Vietnam Travel Budget
From the Mekong Delta in the south to the mountains in the north, from the urban hubs of Ho Chi Minh City and Hanoi to world-famous Halong Bay, Vietnam is a country of diversity. Go prepared to bargain and use your street smarts, especially in the cities. Keep and open mind, and don’t shy away from the chance to sit on a plastic mini stool and eat some amazing food or take a ride on a motorbike! Gorgeous landscapes will surround you, and a new adventure is around every corner.
We purchased our visa for Vietnam while we were in Battambang, Cambodia. The cost for the 30-day Visa was $40, and the process was very straightforward. After being let in to the waiting room, we filled out and handed in the forms we were given, along with a passport photo. (It’s always good to travel with a number of these.) We returned late in the afternoon, as requested, and the visas were ready for us. Your Vietnam travel budget will more than likely include a visa of some kind.
Oh, the joys of pho, bun and bahn mi. While these typical dishes are available everywhere, and super cheap, be sure to branch out and try some of the less common dishes. We were terrible about remembering the names of what we ate, if we ever heard them at all. Every city has a specialty, and street food in Hanoi cannot be beat. In Hue, the obvious choice is Bún bò Huế, a rice vermicelli soup with lemongrass and beef and special spices from the region. I haven’t made it at home yet, but this recipe looks GOOD. Or how about Bún Cha Giò Thit Heo Nuong: those same noodles, minus the broth, with pork and eggroll pieces, served room temp. So tasty. Cau Lau or the famous White Rose dumplings are on most menus in Hoi An. I can’t even begin to discuss snacks and coffee without getting hungry for some!! The topic of Vietnamese food is best left for a post all its own, but suffice it to say you’ll live to spend your money in this category, and you won’t break the budget doing so.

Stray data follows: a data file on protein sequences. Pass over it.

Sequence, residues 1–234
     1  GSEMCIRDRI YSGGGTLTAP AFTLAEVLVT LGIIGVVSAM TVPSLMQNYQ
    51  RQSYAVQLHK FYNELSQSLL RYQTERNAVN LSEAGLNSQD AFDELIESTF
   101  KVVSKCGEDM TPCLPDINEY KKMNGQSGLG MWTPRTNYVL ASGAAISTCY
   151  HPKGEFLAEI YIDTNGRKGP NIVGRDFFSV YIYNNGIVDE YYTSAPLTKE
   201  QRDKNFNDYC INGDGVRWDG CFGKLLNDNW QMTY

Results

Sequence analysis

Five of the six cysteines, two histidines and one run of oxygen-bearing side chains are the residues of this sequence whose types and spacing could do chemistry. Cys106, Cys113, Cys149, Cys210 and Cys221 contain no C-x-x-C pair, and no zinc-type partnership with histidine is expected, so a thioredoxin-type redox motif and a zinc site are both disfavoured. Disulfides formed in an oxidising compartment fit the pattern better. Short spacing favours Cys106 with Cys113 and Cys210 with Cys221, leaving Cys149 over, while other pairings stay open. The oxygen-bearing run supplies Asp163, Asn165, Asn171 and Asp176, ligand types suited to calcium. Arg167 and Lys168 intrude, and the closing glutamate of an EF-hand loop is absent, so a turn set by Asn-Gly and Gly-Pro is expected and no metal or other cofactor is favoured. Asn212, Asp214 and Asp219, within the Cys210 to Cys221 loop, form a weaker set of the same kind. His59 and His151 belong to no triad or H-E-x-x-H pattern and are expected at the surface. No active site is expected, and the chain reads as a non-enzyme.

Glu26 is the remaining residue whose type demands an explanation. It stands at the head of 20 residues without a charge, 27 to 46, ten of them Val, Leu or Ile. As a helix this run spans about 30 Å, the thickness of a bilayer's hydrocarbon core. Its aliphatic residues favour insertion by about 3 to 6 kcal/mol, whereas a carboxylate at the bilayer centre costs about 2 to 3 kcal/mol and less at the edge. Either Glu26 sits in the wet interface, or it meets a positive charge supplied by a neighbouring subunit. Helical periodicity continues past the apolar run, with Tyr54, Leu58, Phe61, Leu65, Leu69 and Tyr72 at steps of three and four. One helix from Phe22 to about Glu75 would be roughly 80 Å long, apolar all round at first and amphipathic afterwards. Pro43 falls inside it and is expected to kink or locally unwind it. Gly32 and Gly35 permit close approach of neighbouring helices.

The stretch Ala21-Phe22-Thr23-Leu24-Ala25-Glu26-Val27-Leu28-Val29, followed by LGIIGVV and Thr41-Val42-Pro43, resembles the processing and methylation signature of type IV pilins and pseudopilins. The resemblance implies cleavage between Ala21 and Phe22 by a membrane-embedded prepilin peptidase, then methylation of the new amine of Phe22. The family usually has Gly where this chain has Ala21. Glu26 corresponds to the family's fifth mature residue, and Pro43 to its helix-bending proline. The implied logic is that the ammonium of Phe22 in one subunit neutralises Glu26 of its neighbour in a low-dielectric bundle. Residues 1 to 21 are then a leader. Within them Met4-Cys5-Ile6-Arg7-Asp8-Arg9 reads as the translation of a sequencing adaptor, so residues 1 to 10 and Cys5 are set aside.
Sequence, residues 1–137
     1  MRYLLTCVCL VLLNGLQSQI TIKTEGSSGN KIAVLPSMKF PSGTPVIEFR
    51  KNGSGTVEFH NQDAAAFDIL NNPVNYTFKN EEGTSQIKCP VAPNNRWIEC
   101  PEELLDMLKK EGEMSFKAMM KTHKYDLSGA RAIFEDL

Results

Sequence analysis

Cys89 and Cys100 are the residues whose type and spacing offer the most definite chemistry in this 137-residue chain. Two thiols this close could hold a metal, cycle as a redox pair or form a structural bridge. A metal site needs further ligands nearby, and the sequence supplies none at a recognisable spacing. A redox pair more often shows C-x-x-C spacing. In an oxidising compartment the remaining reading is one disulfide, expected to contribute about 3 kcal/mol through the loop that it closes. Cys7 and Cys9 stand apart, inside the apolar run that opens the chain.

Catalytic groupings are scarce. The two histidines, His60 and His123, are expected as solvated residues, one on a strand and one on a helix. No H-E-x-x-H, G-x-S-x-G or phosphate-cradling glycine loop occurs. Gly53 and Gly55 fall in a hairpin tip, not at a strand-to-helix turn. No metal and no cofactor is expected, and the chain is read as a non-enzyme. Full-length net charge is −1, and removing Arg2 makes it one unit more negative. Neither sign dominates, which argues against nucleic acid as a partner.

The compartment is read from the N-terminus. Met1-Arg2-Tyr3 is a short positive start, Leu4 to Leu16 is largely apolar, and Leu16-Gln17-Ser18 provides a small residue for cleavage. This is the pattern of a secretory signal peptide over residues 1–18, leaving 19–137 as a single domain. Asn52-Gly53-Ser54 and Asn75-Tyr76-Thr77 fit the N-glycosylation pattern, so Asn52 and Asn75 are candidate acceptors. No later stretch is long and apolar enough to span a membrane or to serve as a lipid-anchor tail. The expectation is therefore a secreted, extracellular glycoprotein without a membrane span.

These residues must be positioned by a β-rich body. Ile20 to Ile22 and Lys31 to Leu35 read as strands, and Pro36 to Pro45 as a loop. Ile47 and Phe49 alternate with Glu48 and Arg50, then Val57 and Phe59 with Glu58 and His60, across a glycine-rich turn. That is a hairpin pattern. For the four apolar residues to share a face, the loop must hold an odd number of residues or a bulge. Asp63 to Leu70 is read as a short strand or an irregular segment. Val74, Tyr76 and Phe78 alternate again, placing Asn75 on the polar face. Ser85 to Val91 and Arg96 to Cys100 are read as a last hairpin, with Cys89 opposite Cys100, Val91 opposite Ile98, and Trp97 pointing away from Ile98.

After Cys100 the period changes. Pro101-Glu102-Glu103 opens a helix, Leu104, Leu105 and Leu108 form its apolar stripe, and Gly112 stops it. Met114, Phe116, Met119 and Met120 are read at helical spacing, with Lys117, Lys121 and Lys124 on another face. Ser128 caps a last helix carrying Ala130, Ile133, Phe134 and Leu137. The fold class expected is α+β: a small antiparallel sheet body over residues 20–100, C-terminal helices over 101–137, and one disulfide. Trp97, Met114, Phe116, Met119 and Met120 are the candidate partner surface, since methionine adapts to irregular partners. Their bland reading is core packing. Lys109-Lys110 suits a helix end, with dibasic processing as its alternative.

Don’t get too worked up about booking ahead here, unless there is a big festival going on. Nearly every city we visited had an area stuffed with hotels and guesthouses. Don’t settle on the first one you look at, unless you are super tired of lugging your gear. There are plenty of options for any budget, and all rates are negotiable depending on length of stay and your bargaining skills.
Be sure to do your homework and shop around before signing on to a tour or day-trip. Ask other travelers what companies they’ve used and if they enjoyed their excursion. One specific activity that we found particularly difficult was Halong Bay. There are literally a hundred different “tour operators”. There are many different levels of boat and comfort level depending on your budget. We opted for a day cruise ending with being dropped at the docks on Cat Ba Island. This worked for us but make sure you know all the details as this could end up being a bit of a disappointment if Halong is a major reason you’ve decided to visit Vietnam.